Emmett Till Was Killed 63 Years Ago. These Black Boys Feel His Legacy Every Day.

For the anniversary of Till’s murder, HuffPost talked to six young black men from around the country

By Ja’han Jones | HuffPost | 08/28/2018


Aug. 28 marks 63 years since the brutal murder of 14-year-old Emmett Till. In 1955, Carolyn Bryant, a 21-year-old white woman, falsely claimed the black boy had touched her while making sexual advances. Afterward, Bryant’s husband and his half-brother savagely beat Till and then shot him to death and cast him into Mississippi’s Tallahatchie River.

Despite overwhelming evidence that Howard Bryant and John Milam murdered and mutilated Till, an all-white jury acquitted the two men after roughly an hour of deliberation.

Speeches across the country eulogized Till. Photos of his bloated body seared the boy into memory and signaled that a country founded on white racial grievances was still a profoundly dangerous place for black people.

Yet in the half-century since the teen’s murder, many of the victories notched in Till’s name ― in the realms of housing equality, education and voting rights ― have been rescinded through targeted policies and court rulings. Meanwhile, advancements in technology ― namely, portable recording devices and social media platforms to share what they’ve logged ― have captured the sort of lethal white racial angst largely obscured in the decades since Till’s death.

With that, the killings of Trayvon Martin, Oscar Grant, Jordan Davis and others have put new faces on black anguish. Adding to this anxiety, white people have been repeatedly reporting black people to police for merely existing in public ― from waiting in coffee shops to holding cookouts. This surveillance has effectively set parameters around where black people can operate comfortably, without scrutiny from their white peers and law enforcement.

For the anniversary of Till’s murder, HuffPost talked to six young black men from around the country to ask how they’ve internalized these stories of surveillance and what — if anything — they have been instructed to do to avoid the fates of the black boys they’ve seen on television and in history books.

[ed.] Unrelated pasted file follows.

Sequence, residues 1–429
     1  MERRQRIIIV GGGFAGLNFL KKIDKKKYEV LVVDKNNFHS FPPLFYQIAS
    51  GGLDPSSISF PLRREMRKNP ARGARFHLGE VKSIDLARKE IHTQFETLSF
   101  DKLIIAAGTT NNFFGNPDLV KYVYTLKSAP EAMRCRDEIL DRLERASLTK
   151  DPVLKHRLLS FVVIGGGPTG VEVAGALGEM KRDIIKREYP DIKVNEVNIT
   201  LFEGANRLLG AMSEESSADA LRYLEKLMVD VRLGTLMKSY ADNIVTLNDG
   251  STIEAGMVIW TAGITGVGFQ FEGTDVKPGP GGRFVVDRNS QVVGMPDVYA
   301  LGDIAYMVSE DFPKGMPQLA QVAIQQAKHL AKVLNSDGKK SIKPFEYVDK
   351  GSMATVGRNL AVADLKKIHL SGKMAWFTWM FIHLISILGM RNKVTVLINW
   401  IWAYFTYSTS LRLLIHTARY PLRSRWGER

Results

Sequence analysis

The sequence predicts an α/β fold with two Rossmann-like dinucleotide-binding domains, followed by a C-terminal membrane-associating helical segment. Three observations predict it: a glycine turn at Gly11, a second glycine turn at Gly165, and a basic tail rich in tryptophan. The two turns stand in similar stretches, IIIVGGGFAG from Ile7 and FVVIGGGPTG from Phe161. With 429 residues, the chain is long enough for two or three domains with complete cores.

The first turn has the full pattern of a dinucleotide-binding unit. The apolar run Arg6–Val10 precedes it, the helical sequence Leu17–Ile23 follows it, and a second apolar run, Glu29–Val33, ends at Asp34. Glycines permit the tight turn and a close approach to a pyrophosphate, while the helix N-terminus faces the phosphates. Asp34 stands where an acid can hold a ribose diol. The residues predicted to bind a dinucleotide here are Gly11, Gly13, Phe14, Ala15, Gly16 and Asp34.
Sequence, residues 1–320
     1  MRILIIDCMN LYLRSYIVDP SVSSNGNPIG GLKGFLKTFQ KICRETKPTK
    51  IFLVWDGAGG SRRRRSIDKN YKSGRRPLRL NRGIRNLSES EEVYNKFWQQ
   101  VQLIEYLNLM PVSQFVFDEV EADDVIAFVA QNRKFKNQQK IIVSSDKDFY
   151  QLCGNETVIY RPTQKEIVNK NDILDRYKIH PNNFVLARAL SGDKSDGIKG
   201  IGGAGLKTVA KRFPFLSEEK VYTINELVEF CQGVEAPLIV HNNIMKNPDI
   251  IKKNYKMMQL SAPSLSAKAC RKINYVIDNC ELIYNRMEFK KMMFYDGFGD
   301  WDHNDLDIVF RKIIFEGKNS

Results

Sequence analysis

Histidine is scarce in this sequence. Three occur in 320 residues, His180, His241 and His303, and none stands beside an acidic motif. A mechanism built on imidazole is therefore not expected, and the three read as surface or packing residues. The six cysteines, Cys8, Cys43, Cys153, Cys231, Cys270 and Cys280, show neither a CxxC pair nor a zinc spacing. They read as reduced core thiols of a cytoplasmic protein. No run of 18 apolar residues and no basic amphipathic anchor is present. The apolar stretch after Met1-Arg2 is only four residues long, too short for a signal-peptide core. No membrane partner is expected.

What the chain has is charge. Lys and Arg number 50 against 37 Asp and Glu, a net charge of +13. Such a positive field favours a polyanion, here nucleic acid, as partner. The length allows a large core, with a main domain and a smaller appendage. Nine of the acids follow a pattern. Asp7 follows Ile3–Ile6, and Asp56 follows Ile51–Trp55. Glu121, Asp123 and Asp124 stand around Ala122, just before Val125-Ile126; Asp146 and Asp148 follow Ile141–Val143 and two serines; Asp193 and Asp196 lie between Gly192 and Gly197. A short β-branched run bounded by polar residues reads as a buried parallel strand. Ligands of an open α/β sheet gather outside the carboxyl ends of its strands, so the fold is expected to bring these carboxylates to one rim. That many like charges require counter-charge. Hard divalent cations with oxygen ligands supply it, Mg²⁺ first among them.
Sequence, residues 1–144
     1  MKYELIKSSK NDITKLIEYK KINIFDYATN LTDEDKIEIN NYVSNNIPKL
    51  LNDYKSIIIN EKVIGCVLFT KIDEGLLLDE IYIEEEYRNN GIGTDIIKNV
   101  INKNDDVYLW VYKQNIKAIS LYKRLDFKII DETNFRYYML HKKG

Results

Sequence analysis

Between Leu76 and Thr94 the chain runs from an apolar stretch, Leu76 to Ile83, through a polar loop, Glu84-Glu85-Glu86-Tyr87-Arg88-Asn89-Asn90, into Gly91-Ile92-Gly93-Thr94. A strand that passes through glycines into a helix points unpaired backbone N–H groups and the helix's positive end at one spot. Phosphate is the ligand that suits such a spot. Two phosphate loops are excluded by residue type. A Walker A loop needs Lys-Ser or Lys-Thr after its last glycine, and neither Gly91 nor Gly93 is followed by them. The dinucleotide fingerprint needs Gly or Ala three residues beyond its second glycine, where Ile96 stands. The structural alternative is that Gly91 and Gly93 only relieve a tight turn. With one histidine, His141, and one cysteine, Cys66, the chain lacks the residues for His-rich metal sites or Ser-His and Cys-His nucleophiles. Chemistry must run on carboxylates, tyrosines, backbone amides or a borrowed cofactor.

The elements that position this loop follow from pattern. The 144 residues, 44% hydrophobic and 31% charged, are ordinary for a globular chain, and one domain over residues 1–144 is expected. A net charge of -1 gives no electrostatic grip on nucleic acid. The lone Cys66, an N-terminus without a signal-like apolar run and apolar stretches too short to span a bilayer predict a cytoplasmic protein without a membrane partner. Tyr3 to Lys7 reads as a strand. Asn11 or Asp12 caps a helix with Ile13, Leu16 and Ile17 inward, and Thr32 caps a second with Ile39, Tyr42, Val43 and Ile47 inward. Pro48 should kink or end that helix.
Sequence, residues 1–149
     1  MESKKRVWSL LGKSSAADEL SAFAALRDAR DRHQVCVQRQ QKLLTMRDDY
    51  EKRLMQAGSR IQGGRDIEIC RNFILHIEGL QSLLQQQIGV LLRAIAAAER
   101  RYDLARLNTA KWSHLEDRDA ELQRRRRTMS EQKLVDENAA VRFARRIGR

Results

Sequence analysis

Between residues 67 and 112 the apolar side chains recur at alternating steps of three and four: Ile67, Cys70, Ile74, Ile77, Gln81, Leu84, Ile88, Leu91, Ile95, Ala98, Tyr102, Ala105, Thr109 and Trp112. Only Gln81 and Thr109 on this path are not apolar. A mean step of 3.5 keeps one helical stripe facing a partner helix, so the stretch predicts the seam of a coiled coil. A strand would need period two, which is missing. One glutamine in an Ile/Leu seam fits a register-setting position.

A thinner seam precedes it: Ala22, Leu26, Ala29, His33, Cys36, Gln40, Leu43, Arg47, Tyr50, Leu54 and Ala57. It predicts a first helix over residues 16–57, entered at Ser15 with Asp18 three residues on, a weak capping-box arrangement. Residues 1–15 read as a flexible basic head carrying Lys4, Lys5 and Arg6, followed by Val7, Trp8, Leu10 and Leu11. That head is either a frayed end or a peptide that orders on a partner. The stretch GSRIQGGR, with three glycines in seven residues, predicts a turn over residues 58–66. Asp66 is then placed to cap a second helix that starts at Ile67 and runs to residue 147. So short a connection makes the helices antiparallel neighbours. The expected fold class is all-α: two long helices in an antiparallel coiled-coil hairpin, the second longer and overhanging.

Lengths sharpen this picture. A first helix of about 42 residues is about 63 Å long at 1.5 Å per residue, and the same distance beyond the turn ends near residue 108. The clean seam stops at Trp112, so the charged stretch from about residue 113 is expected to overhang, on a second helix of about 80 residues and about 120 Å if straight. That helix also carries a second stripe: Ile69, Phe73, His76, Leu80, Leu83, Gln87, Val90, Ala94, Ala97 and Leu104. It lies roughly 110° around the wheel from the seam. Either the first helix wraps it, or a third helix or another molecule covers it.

Emmett Till is photographed lying on his bed. 

Emmett Till photographed laying in bed. Photograph Getty  Images





AJ, 16, – Chicago


Growing up, I got the police talk before I got the “birds and the bees” talk … And it’s not like every adult around me trained me to think, “No, police are bad. Don’t like them.” I just had my own experiences where I thought, “Why are you treating me like this? For what?”

Feeling powerless that many times growing up can make you angry all the time. It puts fear in your heart, for real. And for black kids, growing up trying to have pride and everything, it’s just a messed up way to live, especially when you’re young and you’re worried about getting hurt just for being you.



Ari, 17 – New York City


Trayvon Martin was, for me, this kind of eye-opening moment when I saw that being black is a legitimate disadvantage. That was the moment when I actually recognized race — recognized that it would be a problem for me. I was so young when it happened. Beforehand, I hadn’t heard of anybody like Emmett Till or really anything like that.




My dad taught me how to kind of adjust my blackness to kind of assimilate into an environment. Like in New Hampshire, I have to be cognizant about whether everything I say is “grammatically correct” so I pass as what I guess is articulate and not “the black guy who doesn’t know anything.”

I’m 17. I was raised in New York but I spent the beginning of my childhood in Massachusetts and New Hampshire, and I can sort of see the difference in my experiences in all those places. In New York, there is a lot of focus on diversity and teaching us about microaggressions and white fragility. I mean, all that stuff has been articulated to me a good amount, which I think has helped me talk about the issues and help white people around me. But I also spent a lot of time in New Hampshire, and there, in a state that’s almost totally white, I recognize how different it is. The implicit racism kind of works so that unless something obviously tragic and racist happens, if you try to fight against racism you get a lot of retaliation.